the taiping rebellion - the beginning of modern china.
[BRITISH PARLIAMENT, HOUSE OF LORDS]. Papers relating to the Rebellion in China, and the Trade in the Yang-Tze-Kiang River. Presented to the House of Lords by Command of Her Majesty [with:] Further Papers relating to the Rebellion in China. [with:] Further Papers relating to the Rebellion in China. London, Harrison and Sons, 1862.
Foolscap folio, three volumes in one. Modern boards with printed label on spine; pp. iv, 158, [2, sectional title], [2, imprint]; [ii], 17; [ii], 55, 5 lithographic maps and plans, one with one additional colour, 3 folding; apart from light even browning, a fine copy.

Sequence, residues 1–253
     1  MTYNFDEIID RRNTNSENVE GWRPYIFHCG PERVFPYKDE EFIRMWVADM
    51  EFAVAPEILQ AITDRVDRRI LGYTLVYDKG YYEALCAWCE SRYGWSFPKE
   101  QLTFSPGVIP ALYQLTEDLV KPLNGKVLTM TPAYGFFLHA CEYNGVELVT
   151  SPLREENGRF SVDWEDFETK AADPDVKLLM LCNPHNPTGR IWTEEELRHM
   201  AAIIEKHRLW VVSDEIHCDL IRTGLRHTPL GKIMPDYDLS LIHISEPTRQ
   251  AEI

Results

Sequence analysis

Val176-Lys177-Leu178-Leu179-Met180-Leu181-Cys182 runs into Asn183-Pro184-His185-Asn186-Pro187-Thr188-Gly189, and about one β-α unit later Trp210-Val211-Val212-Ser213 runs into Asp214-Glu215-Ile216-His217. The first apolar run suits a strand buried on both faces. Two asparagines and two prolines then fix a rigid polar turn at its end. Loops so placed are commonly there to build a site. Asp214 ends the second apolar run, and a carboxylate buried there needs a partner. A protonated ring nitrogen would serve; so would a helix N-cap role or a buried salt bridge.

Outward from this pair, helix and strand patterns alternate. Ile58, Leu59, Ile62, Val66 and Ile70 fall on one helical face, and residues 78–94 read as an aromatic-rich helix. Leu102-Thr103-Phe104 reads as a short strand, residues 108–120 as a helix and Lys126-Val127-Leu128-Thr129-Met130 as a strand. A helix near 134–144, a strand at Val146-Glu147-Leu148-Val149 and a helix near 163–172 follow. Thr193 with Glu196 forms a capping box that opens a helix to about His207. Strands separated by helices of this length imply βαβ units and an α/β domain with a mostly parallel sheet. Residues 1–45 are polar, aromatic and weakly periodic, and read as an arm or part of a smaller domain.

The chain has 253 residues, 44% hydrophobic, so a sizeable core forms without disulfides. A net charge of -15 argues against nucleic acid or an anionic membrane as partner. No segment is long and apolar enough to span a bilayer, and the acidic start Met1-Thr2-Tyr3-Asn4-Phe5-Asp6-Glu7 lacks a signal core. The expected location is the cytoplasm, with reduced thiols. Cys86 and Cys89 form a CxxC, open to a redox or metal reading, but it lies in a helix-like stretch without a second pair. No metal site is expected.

First edition of all parts, very rare due to the military character of the publication. The backdrop of the events in Ningbo province in south western China is the Christian-influenced millenarian, proto-Communist movement instigated by Hong Xiuquan, and British [opium] trade interests. The Taiping rebels were met by the British with a non-interference policy. They were however sometimes reprimanded, if their activities interfered too much with British commercial activities. Shanghai was besieged by the Taiping, and the Chinese Imperial army was under heavy attack, whilst the British Army, with Frederick Bruce as main diplomat and negotiator, defended the city, without official British approval, while the Britsh Navy continued their efforts to hunt down pirates. The Taiping fought for a decade along the lower Yangtze valley in modern-day Guangxi province. These parliamentary papers contain the exchange of letters between John Russell, 1st Earl Russell, foreign minister under the Palmerston government, and Frederick Bruce, who had acted without the government's permission but played a pivotal diplomatic role in liaising with the weakened Chinese government and the British. Other letters are between Bruce and Chinese authorities and the Navy, and British land forces. These parliamentary papers investigating the events in China are the most important source, albeit from the British perspective, of the chaotic and violent years 1861 and 1862. 'Under the Taipings, the Chinese language was simplified, and equality between men and women was decreed. All property was to be held in common, and equal distribution of the land according to a primitive form of communism was planned. Some Western-educated Taiping leaders even proposed the development of industry and the building of a Taiping democracy. The Qing dynasty was so weakened by the rebellion that it never again was able to establish an effective hold over the country. Both the Chinese communists and the Chinese Nationalists trace their origin to the Taipings' (Encyclopaedia Britannica). - Apparently two further short continuations were published in 1863 and 1864, without illustrations, which are even rarer.